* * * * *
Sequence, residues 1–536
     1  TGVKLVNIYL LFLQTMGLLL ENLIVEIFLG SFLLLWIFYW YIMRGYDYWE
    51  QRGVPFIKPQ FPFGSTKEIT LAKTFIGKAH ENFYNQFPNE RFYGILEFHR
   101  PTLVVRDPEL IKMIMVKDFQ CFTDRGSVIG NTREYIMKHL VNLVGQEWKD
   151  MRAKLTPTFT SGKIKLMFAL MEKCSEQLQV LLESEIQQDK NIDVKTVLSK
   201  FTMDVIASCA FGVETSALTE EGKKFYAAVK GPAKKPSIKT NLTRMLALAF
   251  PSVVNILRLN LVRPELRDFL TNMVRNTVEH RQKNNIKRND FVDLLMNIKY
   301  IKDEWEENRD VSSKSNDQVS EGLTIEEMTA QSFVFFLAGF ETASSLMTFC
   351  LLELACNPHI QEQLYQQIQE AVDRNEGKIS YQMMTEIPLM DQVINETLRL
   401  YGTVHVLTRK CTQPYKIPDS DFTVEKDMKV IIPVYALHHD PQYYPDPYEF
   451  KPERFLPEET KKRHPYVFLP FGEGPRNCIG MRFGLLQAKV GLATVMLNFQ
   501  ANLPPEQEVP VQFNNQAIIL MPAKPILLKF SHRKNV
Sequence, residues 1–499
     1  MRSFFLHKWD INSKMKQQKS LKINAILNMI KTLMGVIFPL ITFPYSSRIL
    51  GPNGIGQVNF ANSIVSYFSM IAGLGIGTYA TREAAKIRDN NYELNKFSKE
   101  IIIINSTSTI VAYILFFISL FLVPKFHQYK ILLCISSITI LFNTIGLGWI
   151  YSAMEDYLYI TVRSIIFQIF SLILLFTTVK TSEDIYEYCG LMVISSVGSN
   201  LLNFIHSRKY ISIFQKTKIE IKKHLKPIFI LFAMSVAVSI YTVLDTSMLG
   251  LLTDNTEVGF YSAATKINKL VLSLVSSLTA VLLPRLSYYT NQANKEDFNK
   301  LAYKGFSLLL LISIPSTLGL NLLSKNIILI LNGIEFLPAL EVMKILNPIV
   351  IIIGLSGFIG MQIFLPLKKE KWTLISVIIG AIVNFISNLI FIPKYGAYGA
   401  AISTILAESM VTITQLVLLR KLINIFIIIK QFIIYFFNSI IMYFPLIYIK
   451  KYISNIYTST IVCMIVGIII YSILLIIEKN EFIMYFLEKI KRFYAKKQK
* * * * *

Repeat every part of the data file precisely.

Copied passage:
Sequence, residues 1–536
     1  TGVKLVNIYL LFLQTMGLLL ENLIVEIFLG SFLLLWIFYW YIMRGYDYWE
    51  QRGVPFIKPQ FPFGSTKEIT LAKTFIGKAH ENFYNQFPNE RFYGILEFHR
   101  PTLVVRDPEL IKMIMVKDFQ CFTDRGSVIG NTREYIMKHL VNLVGQEWKD
   151  MRAKLTPTFT SGKIKLMFAL MEKCSEQLQV LLESEIQQDK NIDVKTVLSK
   201  FTMDVIASCA FGVETSALTE EGKKFYAAVK GPAKKPSIKT NLTRMLALAF
   251  PSVVNILRLN LVRPELRDFL TNMVRNTVEH RQKNNIKRND FVDLLMNIKY
   301  IKDEWEENRD VSSKSNDQVS EGLTIEEMTA QSFVFFLAGF ETASSLMTFC
   351  LLELACNPHI QEQLYQQIQE AVDRNEGKIS YQMMTEIPLM DQVINETLRL
   401  YGTVHVLTRK CTQPYKIPDS DFTVEKDMKV IIPVYALHHD PQYYPDPYEF
   451  KPERFLPEET KKRHPYVFLP FGEGPRNCIG MRFGLLQAKV GLATVMLNFQ
   501  ANLPPEQEVP VQFNNQAIIL MPAKPILLKF SHRKNV
Sequence, residues 1–499
     1  MRSFFLHKWD INSKMKQQKS LKINAILNMI KTLMGVIFPL ITFPYSSRIL
    51  GPNGIGQVNF ANSIVSYFSM IAGLGIGTYA TREAAKIRDN NYELNKFSKE
   101  IIIINSTSTI VAYILFFISL FLVPKFHQYK ILLCISSITI LFNTIGLGWI
   151  YSAMEDYLYI TVRSIIFQIF SLILLFTTVK TSEDIYEYCG LMVISSVGSN
   201  LLNFIHSRKY ISIFQKTKIE IKKHLKPIFI LFAMSVAVSI YTVLDTSMLG
   251  LLTDNTEVGF YSAATKINKL VLSLVSSLTA VLLPRLSYYT NQANKEDFNK
   301  LAYKGFSLLL LISIPSTLGL NLLSKNIILI LNGIEFLPAL EVMKILNPIV
   351  IIIGLSGFIG MQIFLPLKKE KWTLISVIIG AIVNFISNLI FIPKYGAYGA
   401  AISTILAESM VTITQLVLLR KLINIFIIIK QFIIYFFNSI IMYFPLIYIK
   451  KYISNIYTST IVCMIVGIII YSILLIIEKN EFIMYFLEKI KRFYAKKQK